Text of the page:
There is little doubt that much of the respect Murphy has maintained over the years was earned as soon as he replaced Wynn. In his first years on the job, he deftly handled several ugly crises with origins in Wynn's administration: a notorious sex scandal involving two ranking police officers, a $1.8 million employee-embezzlement case, and a massive, state-caused budget shortfall. During more than six years in office, he also tackled precarious issues, even improving employee morale while reorganizing and downsizing city departments.
But by the time Murphy was forced out in August, his $100 million-per-year bureaucracy was far from a model of efficiency and ethics. In June, for example, the city ignored protests from Noyes and Hedges and paid a ridiculous $35 per-square-yard ($65,000 in total) for institutional-grade carpeting at the police station. Bureaucrats claimed they had gotten the best deal possible. However, according to several local carpet outlets, the city spent double the fair market rate and wasted $32,000 of taxpayers' money.
As the city's ranking bureaucrat, Murphy had a responsibility to protect local taxpayers financially as well as ensuring open-government decision-making. That obligation was particularly important when it came to valuable real-estate arrangements involving public property-property such as the Newport Bay tidelands. Part of a state-granted public trust administered by the City Council, the tidelands trust includes part of Lido Marina Village, specifically a breathtaking 3,925-lineal-foot area of bayfront commercial space and boat-slip area. The property, potentially worth millions of dollars in annual profits, is visible to drivers crossing the Old Newport Boulevard bridge at PCH. Yachting enthusiasts hold a popular-and posh-boat show there each year.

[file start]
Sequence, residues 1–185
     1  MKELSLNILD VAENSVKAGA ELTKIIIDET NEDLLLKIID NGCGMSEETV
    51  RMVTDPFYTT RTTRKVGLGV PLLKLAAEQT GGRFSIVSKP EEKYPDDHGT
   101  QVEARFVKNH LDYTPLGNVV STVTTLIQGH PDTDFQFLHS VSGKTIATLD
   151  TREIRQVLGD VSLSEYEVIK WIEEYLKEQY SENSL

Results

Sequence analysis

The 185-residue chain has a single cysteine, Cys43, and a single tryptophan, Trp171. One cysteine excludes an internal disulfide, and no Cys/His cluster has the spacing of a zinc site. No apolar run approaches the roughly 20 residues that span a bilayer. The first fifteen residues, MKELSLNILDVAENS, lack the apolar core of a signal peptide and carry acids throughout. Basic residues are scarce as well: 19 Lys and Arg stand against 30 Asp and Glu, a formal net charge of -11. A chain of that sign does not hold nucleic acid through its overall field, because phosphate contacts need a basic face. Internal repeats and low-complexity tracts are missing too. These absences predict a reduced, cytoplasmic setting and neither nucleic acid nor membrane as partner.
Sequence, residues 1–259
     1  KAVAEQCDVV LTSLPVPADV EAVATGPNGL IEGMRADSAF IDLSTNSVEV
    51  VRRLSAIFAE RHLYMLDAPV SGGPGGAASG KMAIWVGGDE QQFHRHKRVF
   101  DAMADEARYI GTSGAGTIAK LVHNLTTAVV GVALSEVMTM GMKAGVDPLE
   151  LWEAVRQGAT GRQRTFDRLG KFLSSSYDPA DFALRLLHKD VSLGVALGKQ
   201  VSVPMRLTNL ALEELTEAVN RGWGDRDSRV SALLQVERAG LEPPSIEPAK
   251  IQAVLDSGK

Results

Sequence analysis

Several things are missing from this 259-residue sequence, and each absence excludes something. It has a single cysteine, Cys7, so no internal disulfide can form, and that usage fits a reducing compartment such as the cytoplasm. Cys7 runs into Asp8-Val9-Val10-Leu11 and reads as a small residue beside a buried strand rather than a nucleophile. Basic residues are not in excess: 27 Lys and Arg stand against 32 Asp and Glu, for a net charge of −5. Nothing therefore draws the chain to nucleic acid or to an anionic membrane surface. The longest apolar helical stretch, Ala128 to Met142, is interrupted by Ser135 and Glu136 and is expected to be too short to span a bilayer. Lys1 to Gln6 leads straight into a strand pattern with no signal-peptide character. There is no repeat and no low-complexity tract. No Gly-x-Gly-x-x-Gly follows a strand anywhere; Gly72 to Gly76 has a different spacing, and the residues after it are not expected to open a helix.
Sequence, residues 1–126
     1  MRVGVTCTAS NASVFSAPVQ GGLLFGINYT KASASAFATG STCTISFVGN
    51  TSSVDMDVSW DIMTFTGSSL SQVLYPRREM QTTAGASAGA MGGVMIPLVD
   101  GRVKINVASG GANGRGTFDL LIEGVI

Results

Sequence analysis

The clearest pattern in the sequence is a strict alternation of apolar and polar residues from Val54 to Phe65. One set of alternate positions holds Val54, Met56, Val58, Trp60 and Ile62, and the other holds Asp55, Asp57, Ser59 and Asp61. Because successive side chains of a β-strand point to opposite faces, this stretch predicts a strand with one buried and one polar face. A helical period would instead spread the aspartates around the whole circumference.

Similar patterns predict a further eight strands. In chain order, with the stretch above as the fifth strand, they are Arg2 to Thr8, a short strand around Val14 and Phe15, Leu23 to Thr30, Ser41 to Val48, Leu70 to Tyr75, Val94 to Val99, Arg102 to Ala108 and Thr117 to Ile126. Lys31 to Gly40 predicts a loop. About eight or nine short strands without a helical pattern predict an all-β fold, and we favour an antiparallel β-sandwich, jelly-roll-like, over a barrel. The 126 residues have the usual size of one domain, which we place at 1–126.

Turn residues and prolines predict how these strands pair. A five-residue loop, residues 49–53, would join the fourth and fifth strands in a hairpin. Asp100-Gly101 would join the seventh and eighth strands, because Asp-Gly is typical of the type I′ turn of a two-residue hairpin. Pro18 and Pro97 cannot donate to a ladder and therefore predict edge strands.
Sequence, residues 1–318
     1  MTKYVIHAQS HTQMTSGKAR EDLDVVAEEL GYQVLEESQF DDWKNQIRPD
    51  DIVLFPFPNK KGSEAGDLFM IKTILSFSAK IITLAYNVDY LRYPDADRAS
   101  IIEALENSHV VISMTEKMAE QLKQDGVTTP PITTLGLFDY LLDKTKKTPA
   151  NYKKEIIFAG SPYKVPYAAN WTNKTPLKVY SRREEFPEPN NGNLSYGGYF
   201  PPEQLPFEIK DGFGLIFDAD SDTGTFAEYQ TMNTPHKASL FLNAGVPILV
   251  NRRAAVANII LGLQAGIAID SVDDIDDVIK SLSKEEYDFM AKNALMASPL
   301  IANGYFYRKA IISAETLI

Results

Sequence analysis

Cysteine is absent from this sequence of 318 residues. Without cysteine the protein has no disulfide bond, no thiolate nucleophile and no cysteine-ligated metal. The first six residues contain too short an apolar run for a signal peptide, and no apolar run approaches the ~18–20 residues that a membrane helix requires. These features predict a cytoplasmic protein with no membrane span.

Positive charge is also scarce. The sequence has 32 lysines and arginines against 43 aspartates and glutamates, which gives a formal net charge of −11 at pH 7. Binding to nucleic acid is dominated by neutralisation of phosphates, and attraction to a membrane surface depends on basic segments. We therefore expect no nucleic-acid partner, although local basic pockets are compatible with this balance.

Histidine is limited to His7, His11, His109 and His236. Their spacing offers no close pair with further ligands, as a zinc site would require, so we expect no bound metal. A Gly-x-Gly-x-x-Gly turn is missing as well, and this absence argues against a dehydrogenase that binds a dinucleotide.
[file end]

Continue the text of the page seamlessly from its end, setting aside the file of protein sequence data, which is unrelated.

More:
For several years, the City Council has wanted the area redeveloped. At 4 p.m. on June 19, Murphy "dumped" on council members, who were preparing for their weekends, a proposed non-competitive 50-year lease for Lido marina. Even though the then-city manager later conceded the deal was "very complicated," he wanted the council to approve the lease two days later-prior to a public forum and without seeing the critical appraisal report. Murphy proposed awarding the deal to LJR Lido Partnership, a venture between Riverside-based developer Jim Ratkovich & Associates and Wall Street investment banking firm Lehman Brothers Holdings.